Friday, September 12, 2008

Sutton's of Danville, KY

A year or so ago Woody’s, a Chicago-style steakhouse, opened in Danville, much touted as Danville’s first upscale restaurant. But it never lived up to its advertising and not surprisingly it was closed a few months ago. I went there a few times, thought about writing a post about it, but as the cliché goes not worth writing home about.

Woody’s problem was quality, both in the food and the service they provided. I have eaten in Chicago, many times and Woody’s steaks were not even close to the quality in taste of most Chicago restaurants. And Woody’s service was not up to scratch either. It’s a pity because Danville really needs a good restaurant or two. Yes we have the chains (Applebee’s, O’Charley’s, etc.) and a few so-so independent restaurants, and Lexington with many goods restaurants is just down road.

I, for one, and I know there are many other people that feel: Why drive 40 minutes for a good meal and then 40 minutes back again. And at today’s high gas prices it all adds up to a costly meal. Also, most of the time when you go to a restaurant in Lexington there will be a waiting time of 30 minutes or so before you get a table. So to my delight Sutton’s opened its doors this week in the old Woody’s location and last night I went to give a try.

Very little of the décor was changed. It still has that steakhouse feel, lots of leather and stone. The place was packed, but we didn’t have to wait for a table. (We were there early at 6:00 pm before the usual 7:00 pm rush.)

The menu offers a little of everything. Steaks: And I am glad to see all the good cuts like prime rib and filet mignon, so often restaurants don’t offer prime rib and after all Kentucky is a steak and potato state; Southern: Grilled chicken in various forms (Cajun, blackened, etc.) and of course Kentucky’s own contribution to the American cuisine, Hot Brown; Italian: Pastas and several classic Italian dished like Chicken Masala (not the Indian curry one) and Chicken Parmesan to name a few; And surprisingly and to my delight a nice selection of seafood: Clams, shrimps, white fish, salmon, and even lobster. Yes it’s a wide variety, but I can understand why. Any restaurant specializing in just one cuisine will not make it in Danville. Purely a numbers game. Nevertheless it is a well put together menu with lots of good choices.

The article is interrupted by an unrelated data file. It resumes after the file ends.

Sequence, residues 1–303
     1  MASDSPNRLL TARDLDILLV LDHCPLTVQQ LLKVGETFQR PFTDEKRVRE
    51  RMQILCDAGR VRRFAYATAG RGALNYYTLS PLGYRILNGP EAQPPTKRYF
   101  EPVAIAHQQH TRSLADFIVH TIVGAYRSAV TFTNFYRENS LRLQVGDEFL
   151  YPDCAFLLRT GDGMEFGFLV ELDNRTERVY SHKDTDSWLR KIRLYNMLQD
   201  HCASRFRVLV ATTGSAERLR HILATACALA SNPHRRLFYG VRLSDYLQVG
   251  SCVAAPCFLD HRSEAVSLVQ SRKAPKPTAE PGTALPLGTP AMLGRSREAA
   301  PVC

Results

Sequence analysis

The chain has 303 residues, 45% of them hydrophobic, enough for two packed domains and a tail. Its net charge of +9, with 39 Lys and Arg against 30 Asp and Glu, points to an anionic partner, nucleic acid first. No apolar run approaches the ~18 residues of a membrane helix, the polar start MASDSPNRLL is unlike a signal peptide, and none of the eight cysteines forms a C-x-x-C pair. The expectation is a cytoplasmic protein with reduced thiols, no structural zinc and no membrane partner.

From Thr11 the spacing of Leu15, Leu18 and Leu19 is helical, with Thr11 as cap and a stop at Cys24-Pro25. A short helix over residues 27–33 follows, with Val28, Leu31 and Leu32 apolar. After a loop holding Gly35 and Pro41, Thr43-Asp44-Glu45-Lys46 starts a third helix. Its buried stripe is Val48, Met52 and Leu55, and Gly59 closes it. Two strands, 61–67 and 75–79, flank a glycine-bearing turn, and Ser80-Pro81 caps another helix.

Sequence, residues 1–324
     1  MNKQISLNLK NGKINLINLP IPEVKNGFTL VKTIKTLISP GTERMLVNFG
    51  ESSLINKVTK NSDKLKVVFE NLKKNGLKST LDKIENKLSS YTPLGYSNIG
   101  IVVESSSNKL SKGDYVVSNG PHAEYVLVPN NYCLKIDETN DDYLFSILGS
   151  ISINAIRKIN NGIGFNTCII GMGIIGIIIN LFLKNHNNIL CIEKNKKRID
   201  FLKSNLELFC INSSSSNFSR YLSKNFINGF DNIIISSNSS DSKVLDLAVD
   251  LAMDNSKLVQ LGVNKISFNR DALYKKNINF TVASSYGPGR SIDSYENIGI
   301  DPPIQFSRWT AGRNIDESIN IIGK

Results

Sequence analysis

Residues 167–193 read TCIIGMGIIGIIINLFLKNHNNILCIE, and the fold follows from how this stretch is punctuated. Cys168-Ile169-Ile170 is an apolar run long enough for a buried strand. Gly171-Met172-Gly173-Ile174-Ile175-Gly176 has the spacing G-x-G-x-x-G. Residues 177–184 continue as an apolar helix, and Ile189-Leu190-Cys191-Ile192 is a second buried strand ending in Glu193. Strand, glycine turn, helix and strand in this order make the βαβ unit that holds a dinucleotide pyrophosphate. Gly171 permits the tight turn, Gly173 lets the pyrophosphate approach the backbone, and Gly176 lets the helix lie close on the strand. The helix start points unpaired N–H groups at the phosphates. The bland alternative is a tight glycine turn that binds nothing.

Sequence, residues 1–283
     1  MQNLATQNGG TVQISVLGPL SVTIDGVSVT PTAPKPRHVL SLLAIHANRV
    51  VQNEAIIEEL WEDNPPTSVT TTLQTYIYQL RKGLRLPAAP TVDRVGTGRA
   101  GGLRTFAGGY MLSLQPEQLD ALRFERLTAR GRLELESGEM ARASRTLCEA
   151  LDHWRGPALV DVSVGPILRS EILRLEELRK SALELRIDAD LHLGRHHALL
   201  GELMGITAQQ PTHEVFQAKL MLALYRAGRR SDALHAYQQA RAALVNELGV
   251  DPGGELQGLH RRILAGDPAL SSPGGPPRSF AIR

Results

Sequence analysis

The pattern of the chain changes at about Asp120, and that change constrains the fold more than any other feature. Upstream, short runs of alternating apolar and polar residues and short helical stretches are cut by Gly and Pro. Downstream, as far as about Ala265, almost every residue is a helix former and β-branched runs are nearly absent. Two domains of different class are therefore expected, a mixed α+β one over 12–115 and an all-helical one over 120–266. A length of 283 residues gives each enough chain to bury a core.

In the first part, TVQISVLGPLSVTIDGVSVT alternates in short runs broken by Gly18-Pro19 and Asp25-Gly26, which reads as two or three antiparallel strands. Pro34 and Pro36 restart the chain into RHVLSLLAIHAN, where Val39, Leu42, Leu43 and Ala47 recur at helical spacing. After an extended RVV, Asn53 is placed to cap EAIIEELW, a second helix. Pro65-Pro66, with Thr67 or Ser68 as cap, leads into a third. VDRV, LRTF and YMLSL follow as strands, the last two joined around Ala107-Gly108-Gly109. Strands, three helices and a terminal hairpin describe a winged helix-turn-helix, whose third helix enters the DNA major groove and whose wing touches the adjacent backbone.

I was also impressed, well kinda, with their wine selection. At least it is far more than what is usually on offer in other Danville restaurants (if offered at all) and even many Lexington restaurants. It is nearly an all American wine list, except for the lowly Australian Yellowtail, but no Chianti’s, Bordeaux’s or Rojas’s. But I am glad to see they have some of the best local Kentucky wines on the list, Jean Ferris, and a strong presence too. (See a previous post about a visit to Jean Ferris winery.) Speaking to one of the owners, Gordon Lewis, he said it was a specific goal to support Kentucky Proud, a “buy local” initiative to support Kentucky farmers. Buy local, eat international is of course also a green earth initiative.

I tried out the Jean Ferris Chardonnay with my green salad and Catalina blue cheese dressing (what a combination, but it was good.) The chardonnay was very woody (the way I like chardonnay) and had a bit of an after taste. It also lacks the hint of butterscotch that is sometimes in good chardonnays. However, it was still enjoyable. I ordered prime rib, Tuscan style, because my argument is: If they can’t do a good job of preparing a prime rib, they will probably be terrible at all the other dishes too. I know it sounds stupid, but that’s just they way I measure a steakhouse. I was not disappointed. The rib was excellent, exactly as ordered with the right amount of Tuscan herbs and buttery soft. I had the Jean Ferris Cabernet Sauvignon with my prime rib and it was better than the chardonnay, but then I will always pick a red before a white. Monica had salmon, which was nicely grilled, right amount of spices, but just a tad too dry (overcooked) for salmon. We shared an Apple pie for dessert, which was very good. According to Lewis it is one of several desserts that are made everyday in the restaurant from scratch and what we like about it was the fact that the taste was very balanced: Not overwhelmingly sweet or bludgeoned with cinnamon. It was also in the British pie format, half moon and one could taste the freshness of the dough. Really something different than the usual mass-produced Apple pie you get at most restaurants.

Lastly, the service was good and friendly and it was a nice touch that one of the owners actually took time to introduced himself, talk and listen to what diners had to say about his restaurant. Refreshing…for Danville. Let’s hope it stays that way.

Overall, we give Sutton’s two thumbs up. Hell that sounds like rating a movie or something. And we’ll be back. If I could mention anything negative and it’s not serious, but the atmosphere could be improved: put the music a bit louder (could hardly hear it) and drop the big screen TV (Sutton’s is not a sports bar in an airport; differentiate yourself from the Applebee’s of the world.) I have to mention we were in the back dining section. They also have a bar area, which is decorated differently and also an “al fresco” dining area next to the bar. While the weather is still good I will certainly give it a try next time.

Congratulations Sutton’s and welcome to Danville. All that Danville must do now is to support Sutton’s.


bob said...


BluegrassBaobab said...

Update to my Post: 3/15/2010

Suttons has closed their restaurant in Danville and moved it to lexington.